411: Components of a Successful Personal Injury Case

Jul. 9th, 2013   /   , , , , , , , ,

The questionnaire

 

In this blog, we’re going to identify and explain some vital components of a successful personal injury case.

Let’s start with the obvious: a law firm that has experience handling personal injury cases. In order to orchestrate a successful personal injury legal cause, an attorney must be well versed in the world of personal injury law. Legal competence, then, is essential but not satisfactory on its own. Handling a personal injury case effectively (whether its one stemming from an auto accident, a slip & fall, medical malpractice, etc.) requires deep knowledge of how the various components of the case operate and interact and such experience can only be gleaned from years of experience handling many personal injury cases and recognizing what works.

This next section is filled with legal information that you might not be aware of, knowledge of which can better assist you in providing relevant and helpful information to your attorney. When we talk about personal injury law, what we’re really discussing, in terms of law, is tort law. A tort is a wrongdoing – an intentional or unintentional act of negligence by one individual or party that causes damage and/or loss to someone else. Proving a tort case requires the successful demonstration of four components that we will further explain:

  1. duty of care
  2. breach of such duty
  3. causation, and
  4. damages

 

First up: duty of care. This first element of proving negligence requires that the plaintiff – the victim and their attorney – must demonstrate that the defendant in the case had a duty to act in a specific manner. Individuals have a legal obligation to adhere to a certain standard of care when engaging in an activity that has the potential to cause harm to others. For example, if you are driving down the street, you have a duty to drive in a safe manner, given that a lack of safe driving has the potential to cause harm to other drivers and/or pedestrians. Similarly, if you own a grocery store, you have a duty to maintain a safe walking space (free from puddles) because a lack of maintaining safe walking spaces has the potential to cause customers to slip and fall, which might cause them great injury.

Next: breach of said duty. The second element is one that requires the plaintiff to demonstrate that the defendant in the case, the purportedly negligent actor, breached their duty of care. Breach of care is not necessarily cut-and-dry; it can be proven in a variety of ways. For example, someone who knowingly engages in an activity that poses a risk of substantial damage to someone else has engaged in a breach of duty of care. Additionally, someone who fails to recognize the inherent danger to others associated with their actions, is guilty of a breach of duty of care if it is determined that any other reasonable person would be aware of the inherent danger. Furthermore, if someone engages in an activity that poses an unreasonable risk of damage to another, and damage to another is caused, such a person has breached a duty of care.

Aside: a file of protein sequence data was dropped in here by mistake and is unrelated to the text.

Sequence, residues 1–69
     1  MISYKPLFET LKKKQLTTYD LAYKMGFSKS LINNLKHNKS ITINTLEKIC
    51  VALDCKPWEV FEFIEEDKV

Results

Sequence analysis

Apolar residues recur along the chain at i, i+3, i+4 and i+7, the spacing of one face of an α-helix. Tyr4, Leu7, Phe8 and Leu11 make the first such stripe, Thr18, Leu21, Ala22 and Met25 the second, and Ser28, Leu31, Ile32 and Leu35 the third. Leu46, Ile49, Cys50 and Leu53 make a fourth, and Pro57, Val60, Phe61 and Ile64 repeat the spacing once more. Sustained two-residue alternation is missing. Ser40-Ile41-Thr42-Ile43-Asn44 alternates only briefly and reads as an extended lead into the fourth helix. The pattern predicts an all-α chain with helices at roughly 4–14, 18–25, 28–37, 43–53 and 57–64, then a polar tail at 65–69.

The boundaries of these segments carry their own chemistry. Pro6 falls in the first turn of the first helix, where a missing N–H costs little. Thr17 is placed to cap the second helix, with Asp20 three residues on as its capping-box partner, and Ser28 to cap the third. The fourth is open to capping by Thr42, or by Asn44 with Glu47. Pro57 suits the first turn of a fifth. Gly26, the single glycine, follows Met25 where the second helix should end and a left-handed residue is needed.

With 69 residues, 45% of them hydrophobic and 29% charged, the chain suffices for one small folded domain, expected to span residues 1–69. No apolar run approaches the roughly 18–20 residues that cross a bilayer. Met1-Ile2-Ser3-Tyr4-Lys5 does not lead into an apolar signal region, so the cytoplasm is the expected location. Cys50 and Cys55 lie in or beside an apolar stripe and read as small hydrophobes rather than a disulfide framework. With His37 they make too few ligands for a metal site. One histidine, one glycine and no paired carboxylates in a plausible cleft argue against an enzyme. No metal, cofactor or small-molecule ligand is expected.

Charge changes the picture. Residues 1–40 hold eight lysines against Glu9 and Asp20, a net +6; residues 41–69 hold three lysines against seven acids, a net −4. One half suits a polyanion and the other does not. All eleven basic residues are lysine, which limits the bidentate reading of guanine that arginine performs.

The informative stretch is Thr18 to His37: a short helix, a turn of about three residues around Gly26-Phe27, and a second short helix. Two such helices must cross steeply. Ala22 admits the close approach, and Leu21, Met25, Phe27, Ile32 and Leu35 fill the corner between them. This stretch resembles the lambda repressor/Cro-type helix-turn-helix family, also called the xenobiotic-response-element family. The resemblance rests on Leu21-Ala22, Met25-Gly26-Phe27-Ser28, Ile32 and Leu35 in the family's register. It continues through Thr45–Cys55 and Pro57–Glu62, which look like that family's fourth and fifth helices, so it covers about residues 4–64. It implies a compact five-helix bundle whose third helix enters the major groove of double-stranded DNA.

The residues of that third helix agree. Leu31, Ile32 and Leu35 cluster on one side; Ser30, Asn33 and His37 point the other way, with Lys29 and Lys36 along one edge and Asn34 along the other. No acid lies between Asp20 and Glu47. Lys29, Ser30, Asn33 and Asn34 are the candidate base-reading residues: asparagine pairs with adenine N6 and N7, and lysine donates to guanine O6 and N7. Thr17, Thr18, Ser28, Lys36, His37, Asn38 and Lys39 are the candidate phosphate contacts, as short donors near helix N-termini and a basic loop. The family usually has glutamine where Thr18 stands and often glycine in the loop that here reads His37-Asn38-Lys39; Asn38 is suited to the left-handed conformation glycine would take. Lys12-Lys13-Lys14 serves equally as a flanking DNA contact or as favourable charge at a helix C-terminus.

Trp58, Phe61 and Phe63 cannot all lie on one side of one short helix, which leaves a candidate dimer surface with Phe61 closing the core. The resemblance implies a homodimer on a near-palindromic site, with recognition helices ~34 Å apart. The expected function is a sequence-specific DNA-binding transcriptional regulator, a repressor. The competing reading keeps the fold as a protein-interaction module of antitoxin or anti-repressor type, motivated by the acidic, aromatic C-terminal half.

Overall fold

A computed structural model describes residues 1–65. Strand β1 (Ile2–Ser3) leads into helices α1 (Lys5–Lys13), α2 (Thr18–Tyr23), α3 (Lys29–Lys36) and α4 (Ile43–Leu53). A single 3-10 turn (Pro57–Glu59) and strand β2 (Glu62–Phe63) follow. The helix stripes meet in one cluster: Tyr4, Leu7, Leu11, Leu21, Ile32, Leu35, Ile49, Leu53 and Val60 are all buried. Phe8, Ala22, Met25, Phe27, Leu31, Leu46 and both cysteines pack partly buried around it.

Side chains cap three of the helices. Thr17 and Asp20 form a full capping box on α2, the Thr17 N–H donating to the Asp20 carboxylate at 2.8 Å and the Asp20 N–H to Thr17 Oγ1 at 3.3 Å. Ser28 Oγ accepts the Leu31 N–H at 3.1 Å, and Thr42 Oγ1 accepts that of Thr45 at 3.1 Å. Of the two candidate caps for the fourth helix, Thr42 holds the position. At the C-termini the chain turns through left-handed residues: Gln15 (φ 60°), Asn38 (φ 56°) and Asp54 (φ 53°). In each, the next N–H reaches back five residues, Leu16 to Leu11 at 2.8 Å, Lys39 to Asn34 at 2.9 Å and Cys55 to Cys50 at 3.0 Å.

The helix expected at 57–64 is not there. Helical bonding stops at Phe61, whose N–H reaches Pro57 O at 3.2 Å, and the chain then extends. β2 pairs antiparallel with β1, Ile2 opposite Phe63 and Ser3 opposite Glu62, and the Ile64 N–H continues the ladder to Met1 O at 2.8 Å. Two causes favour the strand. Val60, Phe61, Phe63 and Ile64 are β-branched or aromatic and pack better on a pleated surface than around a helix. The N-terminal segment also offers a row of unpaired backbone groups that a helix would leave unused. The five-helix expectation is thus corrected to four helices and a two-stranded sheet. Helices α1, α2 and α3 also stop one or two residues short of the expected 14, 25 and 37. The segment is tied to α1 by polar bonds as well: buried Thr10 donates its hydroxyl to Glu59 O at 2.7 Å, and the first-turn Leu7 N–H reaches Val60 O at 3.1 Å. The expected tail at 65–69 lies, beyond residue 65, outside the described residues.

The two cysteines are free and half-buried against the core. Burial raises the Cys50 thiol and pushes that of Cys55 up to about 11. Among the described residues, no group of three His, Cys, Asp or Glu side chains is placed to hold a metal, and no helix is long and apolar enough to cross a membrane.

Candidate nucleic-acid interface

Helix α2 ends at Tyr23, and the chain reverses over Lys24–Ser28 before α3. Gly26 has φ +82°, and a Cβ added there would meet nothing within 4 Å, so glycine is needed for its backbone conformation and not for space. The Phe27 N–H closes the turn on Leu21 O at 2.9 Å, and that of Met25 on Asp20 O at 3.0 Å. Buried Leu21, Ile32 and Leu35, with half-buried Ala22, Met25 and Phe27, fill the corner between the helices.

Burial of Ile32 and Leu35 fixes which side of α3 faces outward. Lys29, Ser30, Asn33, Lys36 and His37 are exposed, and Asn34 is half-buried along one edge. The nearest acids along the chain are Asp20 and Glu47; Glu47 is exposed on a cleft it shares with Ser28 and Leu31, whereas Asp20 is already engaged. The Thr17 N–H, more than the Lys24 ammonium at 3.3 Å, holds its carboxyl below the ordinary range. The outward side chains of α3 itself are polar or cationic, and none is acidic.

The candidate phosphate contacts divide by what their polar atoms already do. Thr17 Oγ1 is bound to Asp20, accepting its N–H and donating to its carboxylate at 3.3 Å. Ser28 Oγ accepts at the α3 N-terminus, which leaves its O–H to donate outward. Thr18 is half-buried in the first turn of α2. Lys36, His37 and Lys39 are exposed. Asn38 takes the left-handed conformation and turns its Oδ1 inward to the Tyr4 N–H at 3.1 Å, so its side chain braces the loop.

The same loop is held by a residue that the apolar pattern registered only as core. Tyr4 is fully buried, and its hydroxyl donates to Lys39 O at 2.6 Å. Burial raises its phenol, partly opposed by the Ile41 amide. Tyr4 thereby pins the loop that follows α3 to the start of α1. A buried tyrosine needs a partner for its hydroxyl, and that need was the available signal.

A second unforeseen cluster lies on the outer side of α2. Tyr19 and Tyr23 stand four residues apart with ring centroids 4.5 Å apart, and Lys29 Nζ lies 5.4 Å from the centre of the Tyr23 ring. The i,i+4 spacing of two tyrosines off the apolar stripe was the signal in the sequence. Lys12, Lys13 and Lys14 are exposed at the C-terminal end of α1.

The third element is causation. In order for the defendant to be held responsible for damages suffered by another, it must be proven that the loss or damage to the victim was the direct result of action or omission by the defendant. A simple legal test in establishing the connection between the defendant’s action and the victim’s loss is to ask whether the damage experienced by the defendant would have occurred were it not for the action or omission by the defendant. If the damage would have occurred regardless, it is difficult (if not impossible) to hold the defendant liable for those damages. On the other hand, if it is proven that the defendant’s actions were the proximate cause of the damages, and that the damages would not have occurred were it not for the actions of the defendant, the defendant can be held liable for the damages.

Finally: the word we’ve been using over and over – damages. Someone can’t sue somebody unless they’ve suffered a loss. Without having experienced damages, there is no standing to sue. You can’t sue somebody for doing something wrong or even for breaking the law – that’s the job of the government. You can sue somebody – and successfully, too – if you can prove that you suffered actual damages as a result of the above-described sequence of negligence. If the defendant had a duty of care, they breached that duty of care, and your loss is the direct result of their negligence, you can successfully sue them for damages. Damages can be financial, physical, emotional etc. Proving these damages will be the work of your skilled attorney.

Finally, let’s loop back to where we started: a skilled law firm. You may see advertisements from what we deem “law factories,” giant law firms with many, many attorneys who spend a great deal of time and energy on advertising. We feel that clients are best served, especially in the world of personal injury law, with a smaller and experienced personal injury law firm such as ours. At our law firm, we are small enough to give personal attention to all of our clients while remaining sizeable enough to handle personal injury cases on a small and large scale.

For more information, please reach out to us by calling 561-266-9191 or emailing us at daronberg@aronberglaw.com.

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